Measuring Outcomes An endpoint is a measurable outcome that indicates a treatment’s effectiveness. Typical endpoints for a cancer treatment trial: Tumor response rate – the proportion of trial participants whose tumor was reduced in size Disease-free survival – the amount of time a participant survives without cancer occurring or recurring Overall Survival – the amount of time a participant lives, typically measured from the beginning of the clinical trial until the time of death
Patient Protection Federal rules help ensure that clinical trials are run in an ethical manner Protocols must be reviewed by two separate panels – a scientific review panel, and an institutional review board (IRB) Ongoing monitoring by: IRB Data and Safety Monitoring Boards (DSMBs) for phase III trials research team
Informed Consent Informed consent is the process through which people learn the purpose, risks and benefits of a clinical trial before they decide to join Members of the research team, including doctors and nurses, explain the trial and discuss participant’s rights. Participants may: Choose to participate or not Leave the study at any time Learn about all treatment options Learn all the details about the treatment offered including risks and benefits Discuss the trial with the principal investigator and members of the research team Hear and read the information in a language they can understand
Ending Trials Early If participants experience severe side effects, or if there is clear evidence that risks outweigh benefits, the IRB and DSMB will recommend the trial be halted Trial can be stopped if there is clear evidence the new treatment is effective to make it widely available
Participating in a clinical trial Possible drawbacks New treatments under study are not always better than, or even as good as, standard care If patients receive standard care instead of the new treatment being tested, it may not be as effective as the new approach. Health insurance and managed care providers do not always cover all patient care costs in a study.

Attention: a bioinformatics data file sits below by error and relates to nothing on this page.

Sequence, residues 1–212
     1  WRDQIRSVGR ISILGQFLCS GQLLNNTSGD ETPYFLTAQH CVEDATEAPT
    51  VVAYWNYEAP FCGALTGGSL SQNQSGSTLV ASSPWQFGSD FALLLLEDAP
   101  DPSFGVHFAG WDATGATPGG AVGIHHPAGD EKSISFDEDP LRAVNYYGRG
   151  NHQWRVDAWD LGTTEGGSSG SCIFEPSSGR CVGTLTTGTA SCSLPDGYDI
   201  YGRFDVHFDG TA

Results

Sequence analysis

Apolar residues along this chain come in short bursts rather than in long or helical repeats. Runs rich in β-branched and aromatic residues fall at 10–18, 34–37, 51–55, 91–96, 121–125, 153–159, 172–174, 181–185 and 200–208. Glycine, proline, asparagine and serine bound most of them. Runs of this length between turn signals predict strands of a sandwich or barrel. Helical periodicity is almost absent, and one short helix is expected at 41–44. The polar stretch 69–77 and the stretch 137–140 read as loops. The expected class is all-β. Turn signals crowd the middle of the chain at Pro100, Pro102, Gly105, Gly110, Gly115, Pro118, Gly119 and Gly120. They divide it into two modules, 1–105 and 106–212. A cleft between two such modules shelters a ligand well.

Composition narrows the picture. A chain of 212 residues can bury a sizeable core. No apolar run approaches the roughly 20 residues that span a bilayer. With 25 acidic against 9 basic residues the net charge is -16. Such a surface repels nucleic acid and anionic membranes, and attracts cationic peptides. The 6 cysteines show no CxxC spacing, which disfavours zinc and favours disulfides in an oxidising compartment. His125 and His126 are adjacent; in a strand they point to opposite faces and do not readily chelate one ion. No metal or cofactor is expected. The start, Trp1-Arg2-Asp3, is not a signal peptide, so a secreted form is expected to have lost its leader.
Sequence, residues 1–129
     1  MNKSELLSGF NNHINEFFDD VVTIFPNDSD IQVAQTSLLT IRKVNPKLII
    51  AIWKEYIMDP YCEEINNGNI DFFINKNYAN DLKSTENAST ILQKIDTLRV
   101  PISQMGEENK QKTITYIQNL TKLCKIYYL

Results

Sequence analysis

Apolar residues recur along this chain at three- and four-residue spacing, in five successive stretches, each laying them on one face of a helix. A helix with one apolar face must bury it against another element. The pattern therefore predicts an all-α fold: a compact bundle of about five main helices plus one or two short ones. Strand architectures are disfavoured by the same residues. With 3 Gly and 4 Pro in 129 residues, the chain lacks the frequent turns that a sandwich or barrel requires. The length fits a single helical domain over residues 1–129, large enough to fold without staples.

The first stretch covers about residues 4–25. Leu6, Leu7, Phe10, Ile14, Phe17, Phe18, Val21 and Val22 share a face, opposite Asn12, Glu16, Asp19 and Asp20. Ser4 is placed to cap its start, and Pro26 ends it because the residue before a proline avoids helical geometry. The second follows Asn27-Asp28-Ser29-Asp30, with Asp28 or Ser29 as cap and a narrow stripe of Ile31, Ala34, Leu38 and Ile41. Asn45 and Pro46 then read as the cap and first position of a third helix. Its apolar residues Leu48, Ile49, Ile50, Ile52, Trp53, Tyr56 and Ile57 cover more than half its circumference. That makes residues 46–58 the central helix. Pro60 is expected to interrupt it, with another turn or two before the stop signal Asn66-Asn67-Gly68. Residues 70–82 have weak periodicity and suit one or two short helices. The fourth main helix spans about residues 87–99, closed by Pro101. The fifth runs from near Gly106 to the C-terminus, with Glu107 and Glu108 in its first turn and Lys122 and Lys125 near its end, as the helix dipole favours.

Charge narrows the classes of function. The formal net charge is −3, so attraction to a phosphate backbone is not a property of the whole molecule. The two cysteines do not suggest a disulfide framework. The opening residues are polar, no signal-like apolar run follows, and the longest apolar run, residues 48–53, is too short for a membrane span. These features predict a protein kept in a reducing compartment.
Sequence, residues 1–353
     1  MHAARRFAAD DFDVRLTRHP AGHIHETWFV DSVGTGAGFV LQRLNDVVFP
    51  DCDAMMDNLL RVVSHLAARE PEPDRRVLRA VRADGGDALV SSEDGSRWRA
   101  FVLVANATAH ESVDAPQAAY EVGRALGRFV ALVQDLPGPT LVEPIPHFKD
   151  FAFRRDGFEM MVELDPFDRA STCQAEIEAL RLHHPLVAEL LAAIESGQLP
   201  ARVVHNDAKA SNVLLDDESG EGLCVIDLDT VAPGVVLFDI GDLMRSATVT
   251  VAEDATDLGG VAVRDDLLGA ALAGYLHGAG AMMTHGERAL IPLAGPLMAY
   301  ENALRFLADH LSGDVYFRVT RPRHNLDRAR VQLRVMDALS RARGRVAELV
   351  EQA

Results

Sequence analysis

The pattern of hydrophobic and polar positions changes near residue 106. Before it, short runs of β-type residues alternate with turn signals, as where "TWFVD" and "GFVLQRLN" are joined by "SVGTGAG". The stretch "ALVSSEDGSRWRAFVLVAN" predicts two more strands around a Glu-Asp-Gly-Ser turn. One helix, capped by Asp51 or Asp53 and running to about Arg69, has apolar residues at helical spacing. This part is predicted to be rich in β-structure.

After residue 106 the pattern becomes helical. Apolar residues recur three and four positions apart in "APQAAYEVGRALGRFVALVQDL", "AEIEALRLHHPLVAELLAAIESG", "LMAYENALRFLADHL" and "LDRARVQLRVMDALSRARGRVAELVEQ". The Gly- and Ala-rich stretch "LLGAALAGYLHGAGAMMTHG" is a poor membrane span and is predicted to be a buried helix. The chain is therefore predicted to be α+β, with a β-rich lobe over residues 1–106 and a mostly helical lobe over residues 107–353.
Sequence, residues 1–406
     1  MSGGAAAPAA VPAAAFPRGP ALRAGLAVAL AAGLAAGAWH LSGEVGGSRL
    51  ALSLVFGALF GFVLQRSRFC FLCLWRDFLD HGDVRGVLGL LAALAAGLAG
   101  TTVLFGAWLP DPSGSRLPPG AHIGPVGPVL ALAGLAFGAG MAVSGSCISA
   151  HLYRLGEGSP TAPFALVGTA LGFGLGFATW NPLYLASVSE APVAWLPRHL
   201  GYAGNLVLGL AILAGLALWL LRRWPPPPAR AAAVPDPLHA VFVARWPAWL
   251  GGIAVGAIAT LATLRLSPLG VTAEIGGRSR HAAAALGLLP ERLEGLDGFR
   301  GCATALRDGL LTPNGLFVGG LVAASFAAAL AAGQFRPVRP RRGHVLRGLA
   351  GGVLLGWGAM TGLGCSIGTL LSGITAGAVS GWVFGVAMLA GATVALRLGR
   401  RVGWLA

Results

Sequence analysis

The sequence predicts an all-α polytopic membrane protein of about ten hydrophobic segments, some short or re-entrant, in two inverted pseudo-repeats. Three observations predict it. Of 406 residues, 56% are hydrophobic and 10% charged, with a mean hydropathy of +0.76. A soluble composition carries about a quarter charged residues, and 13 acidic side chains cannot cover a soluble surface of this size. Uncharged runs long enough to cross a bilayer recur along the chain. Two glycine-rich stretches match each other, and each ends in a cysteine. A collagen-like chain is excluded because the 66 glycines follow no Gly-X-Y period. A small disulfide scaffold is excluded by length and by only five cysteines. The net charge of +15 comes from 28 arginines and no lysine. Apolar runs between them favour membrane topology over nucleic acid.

Participating in a clinical trial Possible benefits Clinical trials offer high-quality cancer care. If someone is in a randomized study and does not receive the new treatment being tested, they will receive the best known standard care. This may be as good as, or better than the new approach. If a new treatment is effective, the participant my be among the first to benefit The chance to help others and improve cancer treatment
Resources Making Treatment Decisions, American Cancer Society http://www.cancer.org/docroot/ETO/ETO_0.asp http://www.cancer.org/docroot/ETO/ETO_0.asp Clinical Trials, National Cancer Institute http://www.cancer.gov/clinicaltrials http://www.cancer.gov/clinicaltrials Clinical Trials, National Institute of Health http://clinicaltrials.gov/ http://clinicaltrials.gov/ Clinical Trials and CAM, National Center for Complementary and Alternative Medicine http://nccam.nih.gov/research/clinicaltrials/factsheet/ #jump8 http://nccam.nih.gov/research/clinicaltrials/factsheet/ #jump8